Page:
The Human Impact of a Capable AI

  • Steve Jones - SSC Editor

    SSC Guru

    Points: 715095

    Comments posted to this topic are about the item The Human Impact of a Capable AI

  • David.Poole

    SSC Guru

    Points: 75109

    The point at which you need to worry is when a company believes it doesn't need a DBA.  It doesn't have to be the reality, just the belief.

    If a DBA has set up their servers correctly then they will have automated a whole lot of their daily tasks.  You can reach the point where an instance can be left to its own devices for  a considerable period of time before some action is needed.  I'd say that the period of time will be until the people who got rid of the DBAs have been congratulated, been promoted, moved on.

    Things won't go pear shaped overnight.  The decay will most likely be the slow erosion of security.  More users granted elevated privileges etc.
    Service packs not applied.  I doubt that the lessons of this weekends NHS debacle will be learned.

    Eventually someone will do something in a production environment that requires a full restore.  At that point they will find that the backup jobs have been failing for several months and there is no backup.

  • Victor Kirkpatrick

    Hall of Fame

    Points: 3672

    I believe this will take less than a decade to begin to eliminate some DBA positions, but not all... there will always need to be some level of human admin. Thank goodness, retirement for me is a decade away, and it's been a great career doing database development.

  • George W (no relation)

    Ten Centuries

    Points: 1199

    DBA positions are already being eliminated. "Microsoft has noted in quite a few presentations that they run over a million databases on the Azure SQL Database platform without any DBAs."
    It's not necessarily that an existing DBA position (i.e. yours) will be eliminated this week, this year, or possibly even this decade, it's that the pace of DBA job creation will slow, and eventually reverse - people aging out of the profession will not be replaced. By the time existing jobs are being eliminated, the game will effectively be over for DBAs as well as many other current jobs in IT.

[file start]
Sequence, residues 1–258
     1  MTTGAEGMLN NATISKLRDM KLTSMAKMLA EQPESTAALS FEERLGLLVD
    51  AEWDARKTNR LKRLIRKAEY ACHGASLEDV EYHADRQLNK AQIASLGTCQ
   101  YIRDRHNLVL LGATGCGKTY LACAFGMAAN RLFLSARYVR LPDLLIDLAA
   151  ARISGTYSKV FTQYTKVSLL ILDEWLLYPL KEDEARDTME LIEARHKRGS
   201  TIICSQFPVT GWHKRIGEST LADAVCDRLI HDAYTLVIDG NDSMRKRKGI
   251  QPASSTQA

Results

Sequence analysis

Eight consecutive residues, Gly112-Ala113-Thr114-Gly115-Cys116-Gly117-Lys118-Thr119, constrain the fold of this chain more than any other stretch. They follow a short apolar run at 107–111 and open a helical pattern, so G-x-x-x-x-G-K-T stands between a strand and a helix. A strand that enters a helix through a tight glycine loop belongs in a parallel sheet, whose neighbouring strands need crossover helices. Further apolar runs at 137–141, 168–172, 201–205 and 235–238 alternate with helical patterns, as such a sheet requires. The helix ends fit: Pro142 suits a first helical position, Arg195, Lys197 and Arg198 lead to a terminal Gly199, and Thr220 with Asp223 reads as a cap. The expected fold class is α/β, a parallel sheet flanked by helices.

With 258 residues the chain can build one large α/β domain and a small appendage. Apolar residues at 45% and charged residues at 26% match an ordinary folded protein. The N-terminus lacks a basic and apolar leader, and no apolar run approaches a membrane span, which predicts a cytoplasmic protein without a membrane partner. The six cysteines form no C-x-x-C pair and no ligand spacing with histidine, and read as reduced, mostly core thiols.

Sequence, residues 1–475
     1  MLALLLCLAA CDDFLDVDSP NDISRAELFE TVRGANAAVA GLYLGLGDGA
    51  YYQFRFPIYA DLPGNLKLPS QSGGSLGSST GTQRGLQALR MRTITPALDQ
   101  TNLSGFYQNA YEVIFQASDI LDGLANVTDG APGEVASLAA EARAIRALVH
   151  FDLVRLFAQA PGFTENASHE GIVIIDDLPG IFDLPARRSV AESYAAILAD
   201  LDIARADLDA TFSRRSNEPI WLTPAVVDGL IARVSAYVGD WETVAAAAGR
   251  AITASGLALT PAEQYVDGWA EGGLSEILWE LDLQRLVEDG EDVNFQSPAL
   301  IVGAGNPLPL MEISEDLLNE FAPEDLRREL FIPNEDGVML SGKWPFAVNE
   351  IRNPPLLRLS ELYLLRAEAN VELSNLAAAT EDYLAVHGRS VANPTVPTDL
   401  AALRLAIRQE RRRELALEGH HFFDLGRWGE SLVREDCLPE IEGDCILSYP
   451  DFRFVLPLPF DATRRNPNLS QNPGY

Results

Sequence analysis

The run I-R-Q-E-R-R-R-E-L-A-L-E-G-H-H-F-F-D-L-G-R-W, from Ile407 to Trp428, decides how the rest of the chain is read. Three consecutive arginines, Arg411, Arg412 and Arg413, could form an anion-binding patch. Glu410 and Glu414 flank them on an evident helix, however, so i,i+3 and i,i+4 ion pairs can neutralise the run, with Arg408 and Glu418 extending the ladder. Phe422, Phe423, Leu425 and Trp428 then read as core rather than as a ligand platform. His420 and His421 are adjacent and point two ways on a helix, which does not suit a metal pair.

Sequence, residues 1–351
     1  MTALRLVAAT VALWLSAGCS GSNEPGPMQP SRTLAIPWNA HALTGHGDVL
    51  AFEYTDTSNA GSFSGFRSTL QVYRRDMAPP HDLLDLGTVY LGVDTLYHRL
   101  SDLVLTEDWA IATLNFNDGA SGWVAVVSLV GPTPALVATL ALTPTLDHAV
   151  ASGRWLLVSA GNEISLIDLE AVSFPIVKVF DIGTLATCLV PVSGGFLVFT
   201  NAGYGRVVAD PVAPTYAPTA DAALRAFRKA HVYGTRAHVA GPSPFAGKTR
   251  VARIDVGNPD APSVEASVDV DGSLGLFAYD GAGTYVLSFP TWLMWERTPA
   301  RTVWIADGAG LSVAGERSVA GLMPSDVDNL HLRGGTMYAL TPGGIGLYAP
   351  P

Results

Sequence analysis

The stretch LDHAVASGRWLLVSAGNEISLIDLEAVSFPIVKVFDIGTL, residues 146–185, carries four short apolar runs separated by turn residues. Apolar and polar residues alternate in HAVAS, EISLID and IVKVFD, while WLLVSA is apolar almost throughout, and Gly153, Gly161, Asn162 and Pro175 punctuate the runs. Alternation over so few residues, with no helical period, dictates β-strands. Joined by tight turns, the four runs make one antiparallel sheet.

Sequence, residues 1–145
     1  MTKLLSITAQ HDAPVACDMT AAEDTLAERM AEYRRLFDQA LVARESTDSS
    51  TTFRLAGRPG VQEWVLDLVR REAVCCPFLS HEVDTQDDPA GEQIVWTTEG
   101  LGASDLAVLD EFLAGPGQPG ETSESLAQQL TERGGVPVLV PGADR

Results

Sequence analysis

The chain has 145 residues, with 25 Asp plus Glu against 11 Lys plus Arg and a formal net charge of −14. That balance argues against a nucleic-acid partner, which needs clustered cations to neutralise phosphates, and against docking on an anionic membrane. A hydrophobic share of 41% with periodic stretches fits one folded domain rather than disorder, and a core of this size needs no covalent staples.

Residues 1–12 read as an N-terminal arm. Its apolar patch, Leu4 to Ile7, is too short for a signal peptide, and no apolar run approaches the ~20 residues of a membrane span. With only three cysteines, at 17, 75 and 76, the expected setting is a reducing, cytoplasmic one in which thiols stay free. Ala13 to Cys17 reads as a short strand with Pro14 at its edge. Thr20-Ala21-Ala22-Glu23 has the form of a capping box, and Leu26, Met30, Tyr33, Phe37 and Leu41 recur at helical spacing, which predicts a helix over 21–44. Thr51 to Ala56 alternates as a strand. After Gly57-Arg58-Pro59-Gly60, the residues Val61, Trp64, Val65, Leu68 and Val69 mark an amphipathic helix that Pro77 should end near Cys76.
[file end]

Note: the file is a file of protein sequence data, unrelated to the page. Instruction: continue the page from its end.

• Eric M Russell

    SSC Guru

    Points: 124991

    This thing about Watson beating humans in a game show or a board game isn't really that remarkable, not when you consider that Watson has access to an internet connection (ie: Google search) and a camera with pattern recognition software. How does Watson fare against human players assisted with the next generation of Google Glass (web search and pattern recognition)? The workforce of today are enhanced with technology; they can both think on their feet and perform feats of complex computation. Pull Watson's internet connection and then see how well it competes against humans.

    "Do not seek to follow in the footsteps of the wise. Instead, seek what they sought." - Matsuo Basho

  • roger.plowman

    SSChampion

    Points: 10136

    Certain DBA drudge work SHOULD be eliminated by intelligent DBs. Indexing, trimming log files as needed, handling hardware recommendations concerning space for growth, none of this humans should be doing.

    Fixing DB corruption? Shouldn't be a person, the software knows itself better than a human ever could, how many times does a human do what CHKDSK does? 🙂

    Let the software maintain itself, I've got other things that need doing.

  • smayer

    Valued Member

    Points: 68

    One thing no level of AI can ever beat -- micro-management (i.e., lack of trust). This can be, and often is, a DBA's worst nightmare, and must be rooted out before AI can ever replace a DBA.

  • Jedak

    SSCarpal Tunnel

    Points: 4878

    I believe at some point machines will probably replace certain aspects of DBA work, but not all aspects soon or maybe never.  I would highly disagree with Microsoft's claim they are "managing" millions of databases on Azure without a DBA.  That's like saying a SAN administrator manages a database because he manages the disks SQL Server runs on.  The people managing the Azure databases are Microsoft's customers who created them in the first place.

  • David.Poole

    SSC Guru

    Points: 75109

    smayer - Monday, May 15, 2017 12:57 PM

    One thing no level of AI can ever beat -- micro-management (i.e., lack of trust). This can be, and often is, a DBA's worst nightmare, and must be rooted out before AI can ever replace a DBA.

    Are you saying that DBAs need to learn to trust AI?

  • qbrt

    SSCrazy